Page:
Week in Regulation

Environmental Risk Rules Drive Sizable Week

Last week was a fairly busy one in the pages of the Federal Register. There were 15 rulemakings with some measurable economic impact. Two of these rules involved costs in the billions of dollars, and notably, both focused on environmental risk factors – albeit in quite different ways. The main item of the week was the Securities and Exchange Commission’s (SEC) long-awaited “climate risk disclosure” rule, but an Environmental Protection Agency (EPA) rule regarding the discharge of hazardous materials into water was the clear runner-up. Across all rulemakings, agencies published $4.5 billion in total costs and added 4.1 million annual paperwork burden hours.


  • Proposed Rules: 41
  • Final Rules: 42
  • 2024 Total Pages: 22,292
  • 2024 Final Rule Costs: $35.3 billion
  • 2024 Proposed Rule Costs: $31.9 billion


The most consequential rulemaking of the week was the final rule from SEC regarding “The Enhancement and Standardization of Climate-Related Disclosures for Investors.” The rule requires publicly traded companies to “provide certain climate-related information in their registration statements and annual reports.” The American Action Forum (AAF) summarized some of the core issues of the rule here. While the final rule represents a pared-back version from its proposed iteration – due primarily to SEC scrapping the so-called “Scope 3” disclosures for most companies – the compliance burdens are still notable with roughly 3.2 million hours of paperwork and $900 million in associated costs annually.

The other significant action of the week was the EPA rule on “Clean Water Act [CWA] Hazardous Substance Facility Response Plans.” As the brief title suggests, the rule is setting:

New requirements for Facility Response Plans for worst case discharges of CWA hazardous substances from onshore non-transportation related facilities (hereafter, covered facilities or facility) that, because of their location, could reasonably be expected to cause substantial harm to the environment by discharging into or on the navigable waters, adjoining shorelines, or exclusive economic zone.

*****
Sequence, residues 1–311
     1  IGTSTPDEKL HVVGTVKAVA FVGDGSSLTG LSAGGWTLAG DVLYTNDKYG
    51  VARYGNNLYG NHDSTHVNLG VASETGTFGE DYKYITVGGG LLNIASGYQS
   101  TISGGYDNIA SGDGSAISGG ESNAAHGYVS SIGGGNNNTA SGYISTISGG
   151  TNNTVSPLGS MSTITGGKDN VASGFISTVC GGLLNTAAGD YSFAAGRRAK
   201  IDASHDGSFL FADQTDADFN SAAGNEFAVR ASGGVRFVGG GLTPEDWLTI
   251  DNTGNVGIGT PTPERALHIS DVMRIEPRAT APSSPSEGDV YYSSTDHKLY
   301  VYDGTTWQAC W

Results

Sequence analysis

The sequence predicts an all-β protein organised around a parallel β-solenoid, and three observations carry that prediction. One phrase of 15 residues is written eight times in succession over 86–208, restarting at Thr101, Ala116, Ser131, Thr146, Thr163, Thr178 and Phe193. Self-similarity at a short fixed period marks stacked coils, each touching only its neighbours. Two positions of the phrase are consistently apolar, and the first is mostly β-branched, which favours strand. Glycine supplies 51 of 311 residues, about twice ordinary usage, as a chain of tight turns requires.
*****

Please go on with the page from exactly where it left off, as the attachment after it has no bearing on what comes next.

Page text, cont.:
EPA estimates that these new requirements could result in roughly $106 million in annualized costs, or $1.1 billion in total present value terms over a 20-year period. The costs involved are primarily due to the scope of the rule, as it covers thousands of facilities across dozens of industries.


As we have already seen from executive orders and memos, the Biden Administration will surely provide plenty of contrasts with the Trump Administration on the regulatory front. And while there is a general expectation that the current administration will seek to broadly restore Obama-esque regulatory actions, there will also be areas where it charts its own course. Since the AAF RegRodeo data extend back to 2005, it is possible to provide weekly updates on how the top-level trends of President Biden’s regulatory record track with those of his two most recent predecessors. The following table provides the cumulative totals of final rules containing some quantified economic impact from each administration through this point in their respective terms.Thanks primarily to the rules discussed above, the Biden Administration’s final rule cost and paperwork totals rose by $4.4 billion and 4.1 million hours, respectively. For the other two administrations, there was a divergence in both direction and magnitude. The Trump Administration saw a modest $76 million and 127,000-hour decline in its regulatory tallies, due mostly to a deregulatory action from SEC. Meanwhile, the Obama Administration saw massive upswings in both metrics – $7.2 billion and nearly 34 million hours – with a Department of Labor rule on “Hazard Communication” and a pair of rules implementing aspects of the Affordable Care Act leading the way.


Since January 1, the federal government has published $67.2 billion in total net costs (with $35.3 billion in new costs from finalized rules) and 33.5 million hours of net annual paperwork burden increases (with 15.5 million hours coming from final rules).


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